\begin{align*} \boldsymbol{Ab}_1&= \begin{pmatrix} \vert&\vert&\cdots&\vert\\ \boldsymbol{a}_1&\boldsymbol{a}_2&\cdots&\boldsymbol{a}_n\\ \vert&\vert&\cdots&\vert\\ \end{pmatrix}\begin{pmatrix} b_{11}\\b_{12}\\\vdots\\b_{1n} \end{pmatrix} =b_{11}\boldsymbol{a}_1+ b_{12}\boldsymbol{a}_2+\cdots+b_{1n}\boldsymbol{a}_n\\ \boldsymbol{Ab}_2&= \begin{pmatrix}\vert&\vert&\cdots&\vert\\ \boldsymbol{a}_1&\boldsymbol{a}_2&\cdots&\boldsymbol{a}_n\\ \vert&\vert&\cdots&\vert\\\end{pmatrix}\begin{pmatrix} b_{21}\\b_{22}\\\vdots\\b_{2n} \end{pmatrix} =b_{21}\boldsymbol{a}_1+ b_{22}\boldsymbol{a}_2+\cdots+b_{2n}\boldsymbol{a}_n\\\\ &\;\;\;\;\;\;\;\;\;\;\;\;\;\;\;\;\;\;\;\;\;\;\;\;\;\;\;\;\;\;\;\;\;\;\;\;\;\;\;\;\;\;\;\;\vdots\\\\ \boldsymbol{Ab}_m&= \begin{pmatrix}\vert&\vert&\cdots&\vert\\ \boldsymbol{a}_1&\boldsymbol{a}_2&\cdots&\boldsymbol{a}_n\\ \vert&\vert&\cdots&\vert\\\end{pmatrix}\begin{pmatrix} b_{m1}\\b_{m2}\\\vdots\\b_{mn} \end{pmatrix} =b_{m1}\boldsymbol{a}_1+ b_{m2}\boldsymbol{a}_2+\cdots+b_{mn}\boldsymbol{a}_n \end{align*}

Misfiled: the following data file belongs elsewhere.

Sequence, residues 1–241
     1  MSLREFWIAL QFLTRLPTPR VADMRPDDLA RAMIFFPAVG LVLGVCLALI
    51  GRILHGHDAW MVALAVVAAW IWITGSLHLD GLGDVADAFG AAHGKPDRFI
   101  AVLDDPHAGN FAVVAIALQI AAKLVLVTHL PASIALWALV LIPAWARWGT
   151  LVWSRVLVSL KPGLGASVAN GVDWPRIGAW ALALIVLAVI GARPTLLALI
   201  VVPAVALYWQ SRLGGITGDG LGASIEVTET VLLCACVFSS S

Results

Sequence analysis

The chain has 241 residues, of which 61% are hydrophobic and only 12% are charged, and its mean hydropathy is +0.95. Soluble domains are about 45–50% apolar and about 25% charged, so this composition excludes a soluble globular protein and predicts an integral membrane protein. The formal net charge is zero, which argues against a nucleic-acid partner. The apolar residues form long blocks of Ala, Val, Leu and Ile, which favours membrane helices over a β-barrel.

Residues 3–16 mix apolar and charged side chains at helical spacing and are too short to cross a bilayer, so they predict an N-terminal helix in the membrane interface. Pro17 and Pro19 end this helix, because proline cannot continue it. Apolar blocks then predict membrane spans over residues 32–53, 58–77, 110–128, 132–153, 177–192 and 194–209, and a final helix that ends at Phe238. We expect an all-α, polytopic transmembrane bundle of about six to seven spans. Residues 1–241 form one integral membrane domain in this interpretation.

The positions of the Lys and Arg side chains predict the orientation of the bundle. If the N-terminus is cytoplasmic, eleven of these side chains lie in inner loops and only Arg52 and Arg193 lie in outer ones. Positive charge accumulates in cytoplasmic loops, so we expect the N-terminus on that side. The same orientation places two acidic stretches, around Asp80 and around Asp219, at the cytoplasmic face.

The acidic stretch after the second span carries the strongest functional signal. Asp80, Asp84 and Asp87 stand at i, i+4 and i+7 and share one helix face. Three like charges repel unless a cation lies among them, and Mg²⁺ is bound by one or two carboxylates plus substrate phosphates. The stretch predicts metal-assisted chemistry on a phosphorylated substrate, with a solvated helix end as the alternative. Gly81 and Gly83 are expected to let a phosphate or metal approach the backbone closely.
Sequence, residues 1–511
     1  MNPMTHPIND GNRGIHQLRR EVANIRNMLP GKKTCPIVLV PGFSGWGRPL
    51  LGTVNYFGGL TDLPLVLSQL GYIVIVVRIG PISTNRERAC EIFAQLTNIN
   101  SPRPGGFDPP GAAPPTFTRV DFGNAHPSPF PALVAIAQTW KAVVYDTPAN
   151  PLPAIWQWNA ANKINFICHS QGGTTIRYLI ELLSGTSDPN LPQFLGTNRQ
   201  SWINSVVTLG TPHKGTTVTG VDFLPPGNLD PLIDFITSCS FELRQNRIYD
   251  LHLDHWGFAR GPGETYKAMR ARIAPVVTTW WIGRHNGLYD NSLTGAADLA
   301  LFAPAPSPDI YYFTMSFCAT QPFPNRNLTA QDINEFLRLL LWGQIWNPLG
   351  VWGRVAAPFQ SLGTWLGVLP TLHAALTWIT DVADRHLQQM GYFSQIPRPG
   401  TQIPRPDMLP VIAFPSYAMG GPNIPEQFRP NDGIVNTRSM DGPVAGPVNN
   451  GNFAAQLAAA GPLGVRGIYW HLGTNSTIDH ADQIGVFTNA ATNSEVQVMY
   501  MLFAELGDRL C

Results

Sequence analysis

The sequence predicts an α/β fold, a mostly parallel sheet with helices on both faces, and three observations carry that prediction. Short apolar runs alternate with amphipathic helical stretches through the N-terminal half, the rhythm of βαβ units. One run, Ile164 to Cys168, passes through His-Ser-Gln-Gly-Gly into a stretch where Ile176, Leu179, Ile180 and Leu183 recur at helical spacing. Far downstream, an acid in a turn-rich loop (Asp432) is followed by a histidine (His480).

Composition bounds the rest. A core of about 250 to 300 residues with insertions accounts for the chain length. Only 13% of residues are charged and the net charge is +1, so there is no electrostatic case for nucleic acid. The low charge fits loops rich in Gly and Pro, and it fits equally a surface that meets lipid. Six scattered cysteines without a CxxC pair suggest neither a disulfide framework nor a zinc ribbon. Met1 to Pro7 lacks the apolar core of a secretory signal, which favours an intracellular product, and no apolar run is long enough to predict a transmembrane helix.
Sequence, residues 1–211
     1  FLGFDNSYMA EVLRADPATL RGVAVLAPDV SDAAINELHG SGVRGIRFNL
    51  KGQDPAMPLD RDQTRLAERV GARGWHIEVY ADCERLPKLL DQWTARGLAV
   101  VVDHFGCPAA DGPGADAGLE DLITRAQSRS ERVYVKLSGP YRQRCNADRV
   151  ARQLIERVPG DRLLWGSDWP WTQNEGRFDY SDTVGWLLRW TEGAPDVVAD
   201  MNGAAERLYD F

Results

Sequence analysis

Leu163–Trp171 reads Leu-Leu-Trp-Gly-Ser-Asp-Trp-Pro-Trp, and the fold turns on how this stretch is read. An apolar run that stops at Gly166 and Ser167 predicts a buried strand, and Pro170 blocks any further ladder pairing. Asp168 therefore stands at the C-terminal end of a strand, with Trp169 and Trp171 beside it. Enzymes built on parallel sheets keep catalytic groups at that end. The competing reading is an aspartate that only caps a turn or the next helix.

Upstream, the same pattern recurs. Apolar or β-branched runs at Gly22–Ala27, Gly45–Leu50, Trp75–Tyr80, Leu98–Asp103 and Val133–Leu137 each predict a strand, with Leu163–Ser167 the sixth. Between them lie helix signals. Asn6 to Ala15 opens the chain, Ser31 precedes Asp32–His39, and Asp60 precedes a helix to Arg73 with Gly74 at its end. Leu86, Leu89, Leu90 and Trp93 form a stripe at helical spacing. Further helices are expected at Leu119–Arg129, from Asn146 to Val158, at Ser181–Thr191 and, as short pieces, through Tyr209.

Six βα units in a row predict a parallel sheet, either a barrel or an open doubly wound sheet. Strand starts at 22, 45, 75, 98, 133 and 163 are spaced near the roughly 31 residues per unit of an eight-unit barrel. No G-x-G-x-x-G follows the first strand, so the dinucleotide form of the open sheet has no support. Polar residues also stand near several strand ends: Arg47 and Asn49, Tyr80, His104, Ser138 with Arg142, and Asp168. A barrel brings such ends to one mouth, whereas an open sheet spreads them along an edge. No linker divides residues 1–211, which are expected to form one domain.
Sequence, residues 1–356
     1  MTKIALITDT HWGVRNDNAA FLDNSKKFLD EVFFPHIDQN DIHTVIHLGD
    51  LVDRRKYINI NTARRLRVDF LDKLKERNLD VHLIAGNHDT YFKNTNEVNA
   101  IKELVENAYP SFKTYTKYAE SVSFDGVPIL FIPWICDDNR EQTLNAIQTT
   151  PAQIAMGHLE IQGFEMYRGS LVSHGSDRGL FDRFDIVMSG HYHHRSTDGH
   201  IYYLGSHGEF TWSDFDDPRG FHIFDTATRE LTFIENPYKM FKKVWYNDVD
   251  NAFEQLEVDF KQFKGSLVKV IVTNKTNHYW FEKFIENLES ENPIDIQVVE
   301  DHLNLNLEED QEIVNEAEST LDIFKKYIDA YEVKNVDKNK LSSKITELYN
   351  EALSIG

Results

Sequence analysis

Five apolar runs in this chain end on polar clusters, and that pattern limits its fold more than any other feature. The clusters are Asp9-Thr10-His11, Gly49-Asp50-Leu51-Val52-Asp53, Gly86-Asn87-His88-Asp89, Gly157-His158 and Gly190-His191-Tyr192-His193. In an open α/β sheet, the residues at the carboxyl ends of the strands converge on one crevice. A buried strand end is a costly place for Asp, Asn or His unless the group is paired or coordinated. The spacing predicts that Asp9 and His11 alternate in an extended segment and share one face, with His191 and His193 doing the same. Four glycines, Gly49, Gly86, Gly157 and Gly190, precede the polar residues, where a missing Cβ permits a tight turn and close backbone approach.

Comparing this with \eqref{eq:hHq8hy4pXBtw3QbSv62} gives:

$$\begin{equation}\label{eq:B6zF8q6lmCMEYXUI64X} \begin{gathered} \boldsymbol{v}_1 =\boldsymbol{Ab}_1\\ \boldsymbol{v}_2 =\boldsymbol{Ab}_2\\ \vdots\\ \boldsymbol{v}_m =\boldsymbol{Ab}_m\\ \end{gathered} \end{equation}$$

Therefore, \eqref{eq:AScL9hXe2XbDLR4P2GH} can be written as:

$$\boldsymbol{A}\boldsymbol{B}^T= \begin{pmatrix} \vert&\vert&\cdots&\vert\\ \boldsymbol{a}_1&\boldsymbol{a}_2&\cdots&\boldsymbol{a}_n\\ \vert&\vert&\cdots&\vert\\ \end{pmatrix}\boldsymbol{B}^T =\begin{pmatrix} \vert&\vert&\cdots&\vert\\ \boldsymbol{v}_1&\boldsymbol{v}_2&\cdots&\boldsymbol{v}_m\\ \vert&\vert&\cdots&\vert\\ \end{pmatrix}$$

This completes the proof.